'Galileoscope' Brings Low-Cost Starwatching to Kids

Galileoscope Telescope Kit
The Galileoscope telescope kit with its new IYL 2015 packaging. (Image credit: Rick Fienberg)

A low-cost telescope designed to help students around the world appreciate the wonders of the cosmos is now available in a special edition to celebrate the 2015 International Year of Light.

The makers of the 2-inch-wide (50 millimeters), 25- to 50-power "Galileoscope" — which takes its name from famed Italian astronomer Galileo Galilei — have produced 20,000 special-edition kits in honor of the 2015 International Year of Light (IYL 2015). The United Nations initiative aims to raise awareness and appreciation of the optical sciences.

A case of six Galileoscope kits, regular or special edition, costs $150.

"In the process of assembling the Galileoscope, students explore fundamental optical concepts such as how lenses form images," IYL 2015 officials wrote in a statement.

Once the telescope is assembled, they added, students "enjoy sharp views of lunar craters and mountains, Jupiter's moons, Saturn's rings, the phases of Venus and other bright celestial objects."

The Galileoscope was first created for the 2009 International Year of Astronomy to provide a low-cost but high-quality telescope for audiences who may not have usually had access to astronomy equipment.

Since then, more than 225,000 Galileoscopes have been distributed in 100 countries. IYL 2015 and the International Astronomical Union have declared the Galileoscope a "Cosmic Light cornerstone project" and said they hope to put 100,000 more of the telescopes in use this year.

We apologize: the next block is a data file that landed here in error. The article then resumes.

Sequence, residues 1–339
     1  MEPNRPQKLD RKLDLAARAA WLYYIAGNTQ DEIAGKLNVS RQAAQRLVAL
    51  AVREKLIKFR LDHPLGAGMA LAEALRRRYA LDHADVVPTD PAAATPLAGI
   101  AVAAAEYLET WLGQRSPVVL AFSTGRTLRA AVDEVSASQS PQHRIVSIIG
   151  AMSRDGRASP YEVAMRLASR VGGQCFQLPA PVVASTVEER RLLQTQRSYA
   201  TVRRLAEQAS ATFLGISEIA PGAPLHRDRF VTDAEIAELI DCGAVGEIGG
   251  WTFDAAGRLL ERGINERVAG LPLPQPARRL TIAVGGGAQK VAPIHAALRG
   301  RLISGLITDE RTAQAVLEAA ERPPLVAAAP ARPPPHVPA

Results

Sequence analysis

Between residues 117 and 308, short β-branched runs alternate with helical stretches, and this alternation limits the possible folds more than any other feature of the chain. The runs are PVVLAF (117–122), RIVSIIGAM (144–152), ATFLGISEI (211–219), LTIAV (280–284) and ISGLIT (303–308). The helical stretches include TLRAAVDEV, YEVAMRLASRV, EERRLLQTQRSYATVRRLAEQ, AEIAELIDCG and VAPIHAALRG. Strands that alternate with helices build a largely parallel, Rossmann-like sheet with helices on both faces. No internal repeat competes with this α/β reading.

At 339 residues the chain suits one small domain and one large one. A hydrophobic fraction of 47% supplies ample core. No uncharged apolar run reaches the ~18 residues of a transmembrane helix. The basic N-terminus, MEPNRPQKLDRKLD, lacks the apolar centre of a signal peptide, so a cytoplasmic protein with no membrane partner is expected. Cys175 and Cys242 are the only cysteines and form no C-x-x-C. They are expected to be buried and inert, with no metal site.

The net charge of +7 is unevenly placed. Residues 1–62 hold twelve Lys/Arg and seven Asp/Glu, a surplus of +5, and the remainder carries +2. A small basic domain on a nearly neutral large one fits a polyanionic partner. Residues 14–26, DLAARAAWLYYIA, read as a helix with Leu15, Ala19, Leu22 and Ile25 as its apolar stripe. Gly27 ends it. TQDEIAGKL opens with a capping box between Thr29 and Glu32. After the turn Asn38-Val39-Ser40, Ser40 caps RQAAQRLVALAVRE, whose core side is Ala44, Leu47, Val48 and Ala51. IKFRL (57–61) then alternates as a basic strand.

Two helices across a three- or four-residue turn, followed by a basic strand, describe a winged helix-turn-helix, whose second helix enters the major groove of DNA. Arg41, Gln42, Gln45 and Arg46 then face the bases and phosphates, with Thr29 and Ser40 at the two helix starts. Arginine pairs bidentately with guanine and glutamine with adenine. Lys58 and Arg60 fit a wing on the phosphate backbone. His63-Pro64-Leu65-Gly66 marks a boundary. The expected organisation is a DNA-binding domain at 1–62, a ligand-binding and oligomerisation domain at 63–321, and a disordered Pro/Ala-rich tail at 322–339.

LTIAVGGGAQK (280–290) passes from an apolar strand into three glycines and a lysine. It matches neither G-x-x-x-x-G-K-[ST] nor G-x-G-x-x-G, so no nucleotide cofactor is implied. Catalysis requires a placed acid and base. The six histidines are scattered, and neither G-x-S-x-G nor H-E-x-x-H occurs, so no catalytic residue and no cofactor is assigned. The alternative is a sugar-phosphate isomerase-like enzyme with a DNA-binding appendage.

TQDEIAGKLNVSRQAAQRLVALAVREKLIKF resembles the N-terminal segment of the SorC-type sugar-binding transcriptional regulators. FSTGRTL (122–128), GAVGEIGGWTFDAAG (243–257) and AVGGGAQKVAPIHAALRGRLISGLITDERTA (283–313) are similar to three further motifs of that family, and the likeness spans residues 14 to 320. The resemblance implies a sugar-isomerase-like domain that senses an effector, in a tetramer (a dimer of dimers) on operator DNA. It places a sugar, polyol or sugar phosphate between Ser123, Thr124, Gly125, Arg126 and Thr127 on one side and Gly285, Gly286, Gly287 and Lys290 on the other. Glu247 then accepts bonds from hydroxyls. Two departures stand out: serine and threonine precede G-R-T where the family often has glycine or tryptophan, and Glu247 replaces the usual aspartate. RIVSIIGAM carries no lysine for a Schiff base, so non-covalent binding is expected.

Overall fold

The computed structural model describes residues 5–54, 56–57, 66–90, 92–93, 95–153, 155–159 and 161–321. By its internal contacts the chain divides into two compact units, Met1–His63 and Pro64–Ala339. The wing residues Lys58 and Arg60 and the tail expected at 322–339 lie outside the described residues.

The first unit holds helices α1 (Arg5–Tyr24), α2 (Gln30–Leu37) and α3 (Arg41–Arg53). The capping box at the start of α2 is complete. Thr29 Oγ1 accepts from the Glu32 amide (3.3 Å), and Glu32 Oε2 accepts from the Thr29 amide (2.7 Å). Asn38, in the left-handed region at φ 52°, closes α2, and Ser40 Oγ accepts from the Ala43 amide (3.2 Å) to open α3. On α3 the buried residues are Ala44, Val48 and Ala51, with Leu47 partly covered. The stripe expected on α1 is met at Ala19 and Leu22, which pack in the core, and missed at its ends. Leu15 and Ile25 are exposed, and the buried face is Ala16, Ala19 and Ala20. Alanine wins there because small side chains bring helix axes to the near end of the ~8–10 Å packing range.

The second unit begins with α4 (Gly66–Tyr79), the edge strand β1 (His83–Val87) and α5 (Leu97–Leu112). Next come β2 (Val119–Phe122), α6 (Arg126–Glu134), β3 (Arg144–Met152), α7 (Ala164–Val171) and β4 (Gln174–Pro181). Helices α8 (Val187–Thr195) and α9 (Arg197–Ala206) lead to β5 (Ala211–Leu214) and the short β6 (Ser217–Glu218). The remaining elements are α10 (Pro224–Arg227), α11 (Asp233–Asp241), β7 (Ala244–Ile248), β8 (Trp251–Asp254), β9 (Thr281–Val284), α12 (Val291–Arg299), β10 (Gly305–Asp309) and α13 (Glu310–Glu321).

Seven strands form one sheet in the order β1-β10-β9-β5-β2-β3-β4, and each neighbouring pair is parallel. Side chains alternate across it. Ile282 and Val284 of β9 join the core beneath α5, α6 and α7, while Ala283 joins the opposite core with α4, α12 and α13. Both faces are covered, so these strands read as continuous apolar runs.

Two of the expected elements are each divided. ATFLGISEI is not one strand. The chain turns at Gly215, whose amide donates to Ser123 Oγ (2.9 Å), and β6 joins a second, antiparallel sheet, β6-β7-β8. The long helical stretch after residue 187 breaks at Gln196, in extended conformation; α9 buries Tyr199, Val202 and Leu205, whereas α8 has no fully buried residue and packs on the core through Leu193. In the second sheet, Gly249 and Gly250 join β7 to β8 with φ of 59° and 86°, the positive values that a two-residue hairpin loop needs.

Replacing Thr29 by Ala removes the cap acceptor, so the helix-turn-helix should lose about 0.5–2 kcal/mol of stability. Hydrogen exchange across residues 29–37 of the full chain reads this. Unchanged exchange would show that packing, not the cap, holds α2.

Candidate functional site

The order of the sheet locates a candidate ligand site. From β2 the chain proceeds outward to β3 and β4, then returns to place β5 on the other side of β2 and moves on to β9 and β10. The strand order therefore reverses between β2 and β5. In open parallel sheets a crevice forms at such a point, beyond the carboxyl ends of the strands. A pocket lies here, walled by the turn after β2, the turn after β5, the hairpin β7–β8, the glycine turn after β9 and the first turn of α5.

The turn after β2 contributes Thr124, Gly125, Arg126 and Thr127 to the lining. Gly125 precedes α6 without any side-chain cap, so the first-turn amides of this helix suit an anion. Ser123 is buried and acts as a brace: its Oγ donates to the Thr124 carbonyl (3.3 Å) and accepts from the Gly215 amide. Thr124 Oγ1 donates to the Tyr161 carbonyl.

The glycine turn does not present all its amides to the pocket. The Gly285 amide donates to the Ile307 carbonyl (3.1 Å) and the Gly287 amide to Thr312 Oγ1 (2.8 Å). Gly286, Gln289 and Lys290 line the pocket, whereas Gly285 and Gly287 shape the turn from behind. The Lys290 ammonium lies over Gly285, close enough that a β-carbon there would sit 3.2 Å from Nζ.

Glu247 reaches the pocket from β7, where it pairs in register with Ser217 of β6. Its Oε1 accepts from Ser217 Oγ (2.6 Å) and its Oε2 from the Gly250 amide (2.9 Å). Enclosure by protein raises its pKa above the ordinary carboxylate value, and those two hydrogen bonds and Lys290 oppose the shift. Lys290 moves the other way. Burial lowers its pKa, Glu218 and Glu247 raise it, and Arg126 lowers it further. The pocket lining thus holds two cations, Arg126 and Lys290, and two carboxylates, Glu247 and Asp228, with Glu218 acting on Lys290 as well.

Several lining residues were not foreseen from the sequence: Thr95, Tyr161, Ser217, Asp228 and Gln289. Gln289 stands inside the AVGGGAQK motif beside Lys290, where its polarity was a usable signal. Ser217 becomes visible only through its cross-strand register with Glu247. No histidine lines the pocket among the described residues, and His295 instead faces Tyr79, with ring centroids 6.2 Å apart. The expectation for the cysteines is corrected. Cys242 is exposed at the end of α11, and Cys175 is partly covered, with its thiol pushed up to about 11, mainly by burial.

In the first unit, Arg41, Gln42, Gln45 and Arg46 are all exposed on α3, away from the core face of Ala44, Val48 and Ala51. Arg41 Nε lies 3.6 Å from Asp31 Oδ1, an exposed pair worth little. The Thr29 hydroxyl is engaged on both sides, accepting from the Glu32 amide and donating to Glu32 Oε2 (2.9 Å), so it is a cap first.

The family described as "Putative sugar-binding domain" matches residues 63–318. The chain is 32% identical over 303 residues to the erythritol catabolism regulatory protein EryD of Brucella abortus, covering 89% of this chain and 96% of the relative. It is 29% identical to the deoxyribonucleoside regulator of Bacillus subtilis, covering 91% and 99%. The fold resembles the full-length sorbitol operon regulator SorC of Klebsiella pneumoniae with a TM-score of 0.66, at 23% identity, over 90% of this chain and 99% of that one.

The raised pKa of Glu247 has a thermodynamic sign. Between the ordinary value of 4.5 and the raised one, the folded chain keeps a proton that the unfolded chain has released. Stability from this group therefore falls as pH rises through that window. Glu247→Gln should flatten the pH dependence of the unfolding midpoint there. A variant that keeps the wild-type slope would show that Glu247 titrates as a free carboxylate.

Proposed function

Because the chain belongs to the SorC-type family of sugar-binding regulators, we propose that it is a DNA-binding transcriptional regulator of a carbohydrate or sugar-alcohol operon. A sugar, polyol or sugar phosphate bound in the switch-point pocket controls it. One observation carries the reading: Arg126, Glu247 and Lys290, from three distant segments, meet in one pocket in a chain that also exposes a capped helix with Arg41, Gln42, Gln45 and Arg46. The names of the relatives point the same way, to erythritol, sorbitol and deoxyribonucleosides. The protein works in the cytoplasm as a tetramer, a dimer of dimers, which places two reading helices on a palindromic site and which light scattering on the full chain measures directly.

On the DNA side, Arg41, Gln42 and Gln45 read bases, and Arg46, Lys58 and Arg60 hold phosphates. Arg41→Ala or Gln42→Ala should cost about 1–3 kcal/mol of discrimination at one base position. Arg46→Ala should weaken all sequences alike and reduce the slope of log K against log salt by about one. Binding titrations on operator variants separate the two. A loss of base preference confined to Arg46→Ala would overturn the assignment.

"The kit is augmented with free, standards-based optics-education and observing activities, available in multiple languages," officials wrote. "These well-tested activities can be used by classroom and after-school teachers, as well as informal educators, to provide a rigorous approach to teaching science and the process of science."

Organizations that have used Galileoscopes in their training include the U.S. National Optical Astronomy Observatory (NOAO), the Astronomical Society of the Pacific (ASP) and the Galileo Teacher Training Program (GTTP), IYL 2015 officials said.

More information about the Galileoscope is available at http://galileoscope.org.

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Elizabeth Howell
Staff Writer, Spaceflight

Elizabeth Howell (she/her), Ph.D., is a staff writer in the spaceflight channel since 2022 covering diversity, education and gaming as well. She was contributing writer for Space.com for 10 years before joining full-time. Elizabeth's reporting includes multiple exclusives with the White House and Office of the Vice-President of the United States, an exclusive conversation with aspiring space tourist (and NSYNC bassist) Lance Bass, speaking several times with the International Space Station, witnessing five human spaceflight launches on two continents, flying parabolic, working inside a spacesuit, and participating in a simulated Mars mission. Her latest book, "Why Am I Taller?", is co-written with astronaut Dave Williams. Elizabeth holds a Ph.D. and M.Sc. in Space Studies from the University of North Dakota, a Bachelor of Journalism from Canada's Carleton University and a Bachelor of History from Canada's Athabasca University. Elizabeth is also a post-secondary instructor in communications and science at several institutions since 2015; her experience includes developing and teaching an astronomy course at Canada's Algonquin College (with Indigenous content as well) to more than 1,000 students since 2020. Elizabeth first got interested in space after watching the movie Apollo 13 in 1996, and still wants to be an astronaut someday. Mastodon: https://qoto.org/@howellspace